Written by Chad Taylor
Strong Like Bear is an alt/jam/prog/rock four piece out of Ames. For those who are familiar with the band, their willingness to experiment and get a little weird with their sound is their biggest hallmark. Frequently seen messing around with surrealist blues outfit Electric Jury, the two bands have joined forces for projects ranging anywhere from a live performance of Pink Floyd's "Animals" in its entirety, to live-scoring Alejendro Jodorowsky's "Holy Mountain." But for this week's cover song, Strong Like Bear flew solo.
So, this is definitely the most interesting take thus far.
Guitarist Bryon Dudley: Thank you.
Bassist Greg Bruna: That's what we were going for.
It's definitely the biggest departure from the original.
Where did this idea come from?
Dudley: Well, the big elephant in the room, of course, was the use of the N-word.
Which everybody wisely avoided.
Dudley: So in the process of coming up with rhymes and the like, we kind of switched things up gradually. Then we came up with a line about Goldfinger, and decided to run with the whole James Bond theme.
And switching it up a little bit became switching it up a lot.
Bruna: Honestly, I feel like ours is more faithful than all the others, because we kept most of the original arrangement.
Bruna: The arrangement is the same, the beat is the same...
Drummer Rachel Dudley: ...and it's rap-y...
Bruna: ...we might have chosen new words, but we kept everything else.
That is an interesting change. All the other bands kind of adopted the music to fit their tastes, and you guys just changed the story....
Bruna: ...and kept the arrangement pretty solid.
And how was that? Taking something that was more or less an electronic arrangement to begin with and translating it?
Bryon Dudley: Yeah, we were pretty much flying by the seat of our pants. Luckily, these guys (Rachel and Bruna) are such a great rhythm section, that we were able to just set up mics and be like 'ok, now make a groove!'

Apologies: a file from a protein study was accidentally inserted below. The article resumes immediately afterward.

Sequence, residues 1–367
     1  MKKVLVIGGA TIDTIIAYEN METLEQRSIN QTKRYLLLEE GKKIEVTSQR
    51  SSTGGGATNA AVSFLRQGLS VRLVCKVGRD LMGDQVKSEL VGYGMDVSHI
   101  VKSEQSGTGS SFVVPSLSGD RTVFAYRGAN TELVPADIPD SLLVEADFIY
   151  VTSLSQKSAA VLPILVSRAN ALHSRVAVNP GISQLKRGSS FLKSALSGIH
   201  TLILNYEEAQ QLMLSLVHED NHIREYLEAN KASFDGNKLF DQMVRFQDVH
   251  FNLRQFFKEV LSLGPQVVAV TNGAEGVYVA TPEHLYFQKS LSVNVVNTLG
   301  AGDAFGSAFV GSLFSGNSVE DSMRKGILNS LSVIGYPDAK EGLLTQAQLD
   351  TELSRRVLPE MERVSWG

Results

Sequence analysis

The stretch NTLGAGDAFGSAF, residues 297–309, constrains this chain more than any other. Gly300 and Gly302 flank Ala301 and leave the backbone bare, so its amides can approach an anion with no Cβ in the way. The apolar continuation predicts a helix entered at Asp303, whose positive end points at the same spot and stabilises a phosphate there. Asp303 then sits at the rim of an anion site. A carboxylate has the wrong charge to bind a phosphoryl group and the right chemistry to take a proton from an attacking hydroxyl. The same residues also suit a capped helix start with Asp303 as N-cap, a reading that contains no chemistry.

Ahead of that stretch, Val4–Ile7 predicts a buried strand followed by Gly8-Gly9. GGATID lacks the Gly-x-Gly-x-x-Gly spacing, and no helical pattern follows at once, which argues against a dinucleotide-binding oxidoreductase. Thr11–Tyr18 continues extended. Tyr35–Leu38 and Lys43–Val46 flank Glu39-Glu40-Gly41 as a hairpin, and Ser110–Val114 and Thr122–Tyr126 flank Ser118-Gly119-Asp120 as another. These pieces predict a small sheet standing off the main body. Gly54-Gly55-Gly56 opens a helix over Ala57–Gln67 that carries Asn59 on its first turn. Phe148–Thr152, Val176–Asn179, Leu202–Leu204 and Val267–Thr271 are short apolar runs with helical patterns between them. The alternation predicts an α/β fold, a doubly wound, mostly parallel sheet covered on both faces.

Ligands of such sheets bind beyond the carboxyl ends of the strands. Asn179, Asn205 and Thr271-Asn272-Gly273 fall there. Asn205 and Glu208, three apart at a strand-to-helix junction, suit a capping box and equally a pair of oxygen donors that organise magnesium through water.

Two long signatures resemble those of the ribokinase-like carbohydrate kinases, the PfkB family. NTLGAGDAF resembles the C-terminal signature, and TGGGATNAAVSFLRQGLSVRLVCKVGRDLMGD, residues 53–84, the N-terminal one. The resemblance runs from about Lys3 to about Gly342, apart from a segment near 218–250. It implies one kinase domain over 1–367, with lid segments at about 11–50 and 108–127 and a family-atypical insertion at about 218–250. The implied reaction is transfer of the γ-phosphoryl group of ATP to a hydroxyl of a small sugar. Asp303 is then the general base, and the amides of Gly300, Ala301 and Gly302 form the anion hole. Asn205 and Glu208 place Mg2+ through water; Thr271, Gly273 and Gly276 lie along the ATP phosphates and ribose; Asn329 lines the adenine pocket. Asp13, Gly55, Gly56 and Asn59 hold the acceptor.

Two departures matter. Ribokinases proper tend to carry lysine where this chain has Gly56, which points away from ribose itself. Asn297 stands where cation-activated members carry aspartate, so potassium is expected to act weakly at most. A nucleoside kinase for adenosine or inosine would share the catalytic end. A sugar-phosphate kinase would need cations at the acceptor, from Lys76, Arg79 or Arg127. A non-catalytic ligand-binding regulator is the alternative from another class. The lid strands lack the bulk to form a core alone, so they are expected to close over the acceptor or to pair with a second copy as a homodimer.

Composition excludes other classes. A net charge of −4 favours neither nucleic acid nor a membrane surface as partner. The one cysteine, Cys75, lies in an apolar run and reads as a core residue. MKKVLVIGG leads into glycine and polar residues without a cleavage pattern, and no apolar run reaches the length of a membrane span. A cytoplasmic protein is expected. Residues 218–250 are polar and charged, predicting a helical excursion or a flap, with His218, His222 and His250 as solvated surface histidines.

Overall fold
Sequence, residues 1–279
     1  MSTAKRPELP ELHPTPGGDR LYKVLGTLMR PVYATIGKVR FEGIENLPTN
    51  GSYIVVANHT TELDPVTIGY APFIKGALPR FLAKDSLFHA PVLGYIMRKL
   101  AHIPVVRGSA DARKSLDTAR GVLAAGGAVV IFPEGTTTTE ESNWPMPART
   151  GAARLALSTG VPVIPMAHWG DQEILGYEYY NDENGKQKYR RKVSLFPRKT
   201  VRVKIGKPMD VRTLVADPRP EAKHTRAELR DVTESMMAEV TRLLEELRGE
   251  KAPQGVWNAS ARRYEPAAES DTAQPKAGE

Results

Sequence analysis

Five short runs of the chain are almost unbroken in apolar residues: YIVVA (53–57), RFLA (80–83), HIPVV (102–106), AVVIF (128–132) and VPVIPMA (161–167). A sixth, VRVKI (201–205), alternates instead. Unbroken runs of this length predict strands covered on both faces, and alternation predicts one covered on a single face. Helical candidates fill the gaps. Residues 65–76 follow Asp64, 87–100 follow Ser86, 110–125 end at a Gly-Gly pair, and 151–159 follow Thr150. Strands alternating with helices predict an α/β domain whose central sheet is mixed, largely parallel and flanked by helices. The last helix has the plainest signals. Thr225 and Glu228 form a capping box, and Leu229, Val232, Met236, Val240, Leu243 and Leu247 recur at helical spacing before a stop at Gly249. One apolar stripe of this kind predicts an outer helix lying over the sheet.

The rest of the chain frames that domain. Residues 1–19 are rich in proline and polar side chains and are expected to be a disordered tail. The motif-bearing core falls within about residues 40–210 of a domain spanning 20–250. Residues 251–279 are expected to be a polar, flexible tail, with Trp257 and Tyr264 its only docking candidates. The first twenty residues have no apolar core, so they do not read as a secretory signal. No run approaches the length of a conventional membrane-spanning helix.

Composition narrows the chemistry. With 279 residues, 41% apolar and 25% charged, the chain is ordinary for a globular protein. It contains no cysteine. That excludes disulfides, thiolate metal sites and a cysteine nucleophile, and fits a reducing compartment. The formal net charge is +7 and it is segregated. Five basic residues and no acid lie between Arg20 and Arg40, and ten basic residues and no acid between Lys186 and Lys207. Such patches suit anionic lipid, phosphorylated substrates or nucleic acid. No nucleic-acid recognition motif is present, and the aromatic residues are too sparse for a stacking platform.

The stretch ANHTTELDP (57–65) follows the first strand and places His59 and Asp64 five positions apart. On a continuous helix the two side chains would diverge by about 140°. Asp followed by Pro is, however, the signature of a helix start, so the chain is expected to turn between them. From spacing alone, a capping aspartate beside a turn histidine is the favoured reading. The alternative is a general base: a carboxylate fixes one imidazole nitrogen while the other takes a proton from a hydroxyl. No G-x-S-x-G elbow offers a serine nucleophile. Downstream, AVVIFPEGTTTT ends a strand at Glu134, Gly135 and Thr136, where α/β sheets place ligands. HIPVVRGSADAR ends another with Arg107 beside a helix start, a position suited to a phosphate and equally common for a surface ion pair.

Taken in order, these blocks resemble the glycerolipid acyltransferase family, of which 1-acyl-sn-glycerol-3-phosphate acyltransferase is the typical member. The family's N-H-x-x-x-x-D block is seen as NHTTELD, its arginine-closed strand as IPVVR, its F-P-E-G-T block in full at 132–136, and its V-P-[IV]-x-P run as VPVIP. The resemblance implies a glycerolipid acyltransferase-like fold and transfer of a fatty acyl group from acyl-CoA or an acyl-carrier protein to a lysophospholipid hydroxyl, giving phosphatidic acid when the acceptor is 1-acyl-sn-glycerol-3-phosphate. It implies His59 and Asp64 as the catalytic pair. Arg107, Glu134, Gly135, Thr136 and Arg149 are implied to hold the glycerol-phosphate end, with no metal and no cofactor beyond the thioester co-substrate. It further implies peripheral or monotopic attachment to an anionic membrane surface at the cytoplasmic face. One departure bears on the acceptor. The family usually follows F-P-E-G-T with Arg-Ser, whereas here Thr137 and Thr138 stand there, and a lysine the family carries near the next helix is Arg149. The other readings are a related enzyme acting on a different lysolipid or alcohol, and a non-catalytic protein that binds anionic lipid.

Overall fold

Bruna: We would try to take pieces and create something out of loops. And then ended up being like 'nope, just keep everything we just recorded."
Bryon Dudley: That whole rhythm section is them playing in real time. It's a live take. It probably sounds electronic or like it's looped, but it's not. So yay rhythm section!
Bryon Dudley: And after that, we talked about jamming on the James Bond theme, but doing some weird stuff with it, so we wound up doing like a seven minute jam on that and just cutting.
Bryon: We pulled up the Goldfinger theme, and it's just that classic James Bond tune so it was like we HAD to put that in there.
Did you guys have to go back and actually watch "Goldfinger" again to remind yourselves of the story?
Rachel Dudley: Actually we had...
Bryon Dudley: Rachel and I had just watched all the James Bond movies last year. But I did go look up the Wikipedia article on the film, just for the basic plot. A lot of the lyrics are just the plot, straight up. It is, verbatim, the plot of the movie.
How long did it take you to convert "Goldfinger" into a rap?
Bryon Dudley: Not nearly as long as you'd think. About three beers, I'd say.
So the questions that we ask everybody: 1) are you happy with your version?
Bryon Dudley: Yeah.
Rachel Dudley: Yeah.
Bryon Dudley: I can't imagine us doing a live version of it.
Rachel & Bruna: No.
That was going to be the next question.
Bruna: This was totally a one-off project. The further we got into it, the more it was like 'yeah, there's no way.'
Rachel Dudley: It was fun though, because we got to stretch, and try something that we wouldn't normally do.
Bruna: We've never done anything like this at all.